When I heard her laugh I fell in love. It was the laugh of a real woman, a no-holds-barred laugh, an I-don’t-give-a-fuck-what-the-world-thinks-of-me laugh. It came from deep within her stomach and exploded across the bar. It was the reason I first noticed her. It was the reason I fell so hard, so fast.
She leaned against the mahogany, legs crossed on the stool, foot tapping against the metal of the chair. But I was drawn to her face. It was . . . it’s hard to say. It was like hearing Bach for the first time. Or . . . what the hell is that song? You know that one. The one about the the harbor and that girl. I wish I could remember how it went. It was a perfect little diddy. Explained exactly what it was like. Her face. It was just . . . angelic. Black hair fell gently across it and draped down her neck, and that dress, goddamn I wish you could see it now like I can. It’s there now, in my mind, years after she’s gone. She was perfect that night.
They huddled like hens around her, pecking, trying to get a piece of her. Of course they would. Talk to her, I thought. But she . . . my heart was pounding. I could not think straight. What was I saying? Yes, she was perfect. The dress was dark blue. I love that color. It reminds me of the ocean, the rolling waves, that dark blue you only get at night, when the wind’s blowing in off the warm water and the air tastes salty and metallic.
God, that laugh. There it was again, booming into the world. Her mouth spread open, white chiclet teeth dancing in the dark. I could see her soft pink tongue playing against them, moving quietly. I bet it was salty too, just like the ocean breeze.
How long have I been staring? No matter, those friends floated around her. They hovered, those hens, laughing along with her. Their fake dainty laughter. Not like hers, real and true. Glasses chinked. I couldn’t make out what they were saying. Those goddamn hens. I moved closer.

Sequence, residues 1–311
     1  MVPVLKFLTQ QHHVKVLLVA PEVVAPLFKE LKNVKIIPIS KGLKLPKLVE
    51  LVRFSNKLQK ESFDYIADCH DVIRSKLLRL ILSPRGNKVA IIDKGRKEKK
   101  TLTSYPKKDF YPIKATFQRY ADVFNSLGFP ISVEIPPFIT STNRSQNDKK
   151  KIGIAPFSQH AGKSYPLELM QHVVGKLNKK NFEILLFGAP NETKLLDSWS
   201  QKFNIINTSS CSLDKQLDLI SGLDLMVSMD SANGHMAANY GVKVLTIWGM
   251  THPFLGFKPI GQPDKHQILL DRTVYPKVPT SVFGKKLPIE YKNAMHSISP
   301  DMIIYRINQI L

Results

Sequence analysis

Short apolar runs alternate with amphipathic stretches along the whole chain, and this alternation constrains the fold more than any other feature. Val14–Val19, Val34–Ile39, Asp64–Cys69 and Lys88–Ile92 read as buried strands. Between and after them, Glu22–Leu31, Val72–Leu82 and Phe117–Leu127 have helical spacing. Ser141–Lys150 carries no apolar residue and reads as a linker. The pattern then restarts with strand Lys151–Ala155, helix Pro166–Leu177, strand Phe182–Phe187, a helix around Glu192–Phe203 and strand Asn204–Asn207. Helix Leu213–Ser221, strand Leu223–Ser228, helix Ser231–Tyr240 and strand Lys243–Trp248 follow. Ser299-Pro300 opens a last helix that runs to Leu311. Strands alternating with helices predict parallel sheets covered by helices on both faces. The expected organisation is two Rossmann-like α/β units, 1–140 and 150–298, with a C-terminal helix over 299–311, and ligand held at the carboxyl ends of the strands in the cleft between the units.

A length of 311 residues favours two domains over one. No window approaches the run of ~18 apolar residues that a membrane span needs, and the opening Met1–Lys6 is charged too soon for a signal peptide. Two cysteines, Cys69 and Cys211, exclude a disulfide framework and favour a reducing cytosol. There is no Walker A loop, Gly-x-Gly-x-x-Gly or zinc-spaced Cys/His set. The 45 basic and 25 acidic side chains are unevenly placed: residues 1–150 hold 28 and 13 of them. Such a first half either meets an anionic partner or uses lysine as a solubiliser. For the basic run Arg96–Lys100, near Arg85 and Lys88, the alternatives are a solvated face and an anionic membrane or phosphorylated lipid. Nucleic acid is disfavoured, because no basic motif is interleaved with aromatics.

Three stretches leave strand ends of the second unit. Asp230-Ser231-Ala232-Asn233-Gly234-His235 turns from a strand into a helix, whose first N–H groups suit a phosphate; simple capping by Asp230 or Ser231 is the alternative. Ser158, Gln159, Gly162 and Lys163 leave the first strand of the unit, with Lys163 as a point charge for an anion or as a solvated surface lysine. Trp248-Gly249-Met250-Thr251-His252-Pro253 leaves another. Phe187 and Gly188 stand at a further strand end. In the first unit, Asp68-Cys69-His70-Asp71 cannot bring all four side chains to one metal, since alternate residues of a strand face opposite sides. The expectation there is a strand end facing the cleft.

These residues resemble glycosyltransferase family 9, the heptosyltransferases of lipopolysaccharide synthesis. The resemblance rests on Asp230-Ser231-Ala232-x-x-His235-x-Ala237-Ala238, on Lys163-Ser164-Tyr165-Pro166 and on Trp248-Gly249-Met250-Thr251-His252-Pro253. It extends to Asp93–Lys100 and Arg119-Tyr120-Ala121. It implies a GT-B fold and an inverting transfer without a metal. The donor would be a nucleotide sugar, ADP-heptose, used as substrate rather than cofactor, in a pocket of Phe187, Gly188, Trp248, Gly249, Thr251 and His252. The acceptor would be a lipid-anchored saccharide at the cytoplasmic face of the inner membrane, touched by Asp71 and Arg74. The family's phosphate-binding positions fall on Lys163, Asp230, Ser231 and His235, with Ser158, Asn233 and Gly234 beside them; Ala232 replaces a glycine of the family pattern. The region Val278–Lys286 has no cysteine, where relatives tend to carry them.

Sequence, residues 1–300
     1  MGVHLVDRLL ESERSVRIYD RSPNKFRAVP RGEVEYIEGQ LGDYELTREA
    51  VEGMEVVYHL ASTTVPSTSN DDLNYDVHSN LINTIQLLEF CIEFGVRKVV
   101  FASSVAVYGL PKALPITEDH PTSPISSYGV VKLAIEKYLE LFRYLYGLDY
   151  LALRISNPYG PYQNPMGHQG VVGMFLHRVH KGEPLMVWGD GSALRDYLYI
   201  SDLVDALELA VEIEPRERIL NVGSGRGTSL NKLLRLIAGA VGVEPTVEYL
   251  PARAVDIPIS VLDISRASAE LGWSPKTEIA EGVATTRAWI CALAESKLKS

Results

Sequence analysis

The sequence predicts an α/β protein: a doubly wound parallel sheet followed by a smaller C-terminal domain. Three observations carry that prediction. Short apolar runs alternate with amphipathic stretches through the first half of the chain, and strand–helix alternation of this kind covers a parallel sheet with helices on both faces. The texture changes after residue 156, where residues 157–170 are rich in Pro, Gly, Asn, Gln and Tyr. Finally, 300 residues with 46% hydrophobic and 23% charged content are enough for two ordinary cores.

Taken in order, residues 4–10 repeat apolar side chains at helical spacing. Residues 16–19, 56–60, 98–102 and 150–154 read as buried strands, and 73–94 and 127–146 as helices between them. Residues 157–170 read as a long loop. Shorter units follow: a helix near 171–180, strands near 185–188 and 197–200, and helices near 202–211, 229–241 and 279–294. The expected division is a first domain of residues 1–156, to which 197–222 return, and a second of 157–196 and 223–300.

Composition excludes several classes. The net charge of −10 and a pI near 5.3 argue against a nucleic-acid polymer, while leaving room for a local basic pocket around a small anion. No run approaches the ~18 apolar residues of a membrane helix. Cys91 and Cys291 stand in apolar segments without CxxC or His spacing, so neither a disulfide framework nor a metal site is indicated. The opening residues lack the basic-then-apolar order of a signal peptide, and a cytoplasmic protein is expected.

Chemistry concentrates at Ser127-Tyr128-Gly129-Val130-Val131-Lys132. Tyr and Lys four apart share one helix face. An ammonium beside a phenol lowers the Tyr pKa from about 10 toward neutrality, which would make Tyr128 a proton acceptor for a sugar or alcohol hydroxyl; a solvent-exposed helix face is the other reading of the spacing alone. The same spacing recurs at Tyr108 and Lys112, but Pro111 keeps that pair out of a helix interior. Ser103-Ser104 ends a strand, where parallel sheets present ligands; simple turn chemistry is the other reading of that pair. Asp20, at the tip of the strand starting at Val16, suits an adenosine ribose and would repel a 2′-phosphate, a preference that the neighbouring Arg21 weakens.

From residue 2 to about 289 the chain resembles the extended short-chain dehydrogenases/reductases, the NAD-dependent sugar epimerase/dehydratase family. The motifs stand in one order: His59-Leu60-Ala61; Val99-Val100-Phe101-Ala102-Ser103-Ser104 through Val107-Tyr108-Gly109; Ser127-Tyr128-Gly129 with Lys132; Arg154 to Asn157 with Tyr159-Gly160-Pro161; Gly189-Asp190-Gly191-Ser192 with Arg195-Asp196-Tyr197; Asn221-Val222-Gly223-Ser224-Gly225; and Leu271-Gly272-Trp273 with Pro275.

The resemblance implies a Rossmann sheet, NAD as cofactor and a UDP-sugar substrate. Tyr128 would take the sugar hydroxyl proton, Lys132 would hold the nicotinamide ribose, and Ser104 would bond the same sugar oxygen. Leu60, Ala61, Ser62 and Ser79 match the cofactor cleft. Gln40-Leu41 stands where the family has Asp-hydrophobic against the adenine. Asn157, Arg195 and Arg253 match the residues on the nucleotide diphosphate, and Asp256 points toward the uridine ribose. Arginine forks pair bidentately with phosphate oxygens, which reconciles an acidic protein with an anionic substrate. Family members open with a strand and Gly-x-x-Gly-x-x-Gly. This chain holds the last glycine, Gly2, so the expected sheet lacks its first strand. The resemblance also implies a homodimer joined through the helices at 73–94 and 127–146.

My head began to throb. Da-duh. Da-duh. Da-duh. It picked up steam as my chest tightened. He saw an angel and his heart burst. That’s what I’d put on my tombstone. I laughed out loud at that thought, laughed that same hearty laugh of hers. I bet she would think that’s funny too.
They looked at me. Those damn hens. My mouth was dry. That one. The hard looking one with the sideways smile and that fucking sneer. They all laughed again. Even her, with those pretty little chiclet teeth and that salty tongue.
Da-duh. That fucking throbbing. It never ended. Like a screw getting twisted into my skull. Da-duh. Da-duh. My vision blurred. I could feel it coming, the red.
She was laughing at me. They all were. Those hens. That bitch. Why did she have to do this to me? I pictured my fist bashing in that pretty face, teeth flying across the floor like a spilt container of tic tacs. Da-duh. Red closed in around me. Da-duh. Sitting here throbbing and she’s just laughing. I tried shouting, “Bitch!” but everything caught in my throat. I just garbled faintly and stood there.
“Huh, stranger?” she shouted over the music even though I was just a few feet away.
I took a breath, slowly. Color returned.
“You’re a strange one.” Then she laughed. There it was. My heart melted and rushed down inside me like ice turned to water. I bet everyone who had ever met this girl fell in love. The universe is like that sometimes. Destiny, or fate, or whatever the hell it was out there that made the world spin round. It was true though. She knew that too, I bet.
“Hi.” I smiled.
She smiled back. I’ll always remember that moment: that blue dress, the way she tipped her head down when she smiled. It was the last smile I’d ever see from her. It was the only word we’d ever get to share. But she knew. I know she knew. That smile was so goddamn beautiful. I only wished I’d seen her smile again.
But that damn RED, that RED that just seeps in from the edges and then . . . black. Nothing. Maybe she smiled during the RED, during that night, alone in her bedroom. I doubt it though. The moment was too precious. She probably wanted to savor it with me. That last smile she had in the bar, that was our moment. Wait . . . in the dark, wasn’t there a smile in her sleep? It’s so hard to remember sometimes. I think so . . . no, it was more of a smirk. Yes, I wanted to wake her, but she seemed so peaceful dreaming there in the dark. So perfect. I wonder if she was dreaming of the bar, dreaming of our smile. I wish I’d seen that smile again before she left this world.
After that all I remember is the RED. RED and that goddamn throbbing. Da-duh. Da-duh. It never ended. And those pretty chiclet teeth on the brown carpet. I remember that. It was like a bottle of spilt tic tacs. Now I remember. Her capet was gray though. I think. It’s hard to remember over that damn throbbing. I do remember though. I remember the tic tacs. And that dress, and that laugh.
I wish I could tell her that, at least about the tic tacs. She would have laughed that booming laugh again, salty tounge dancing in the dark behind those chicets. She would have smiled.
She was so good to me.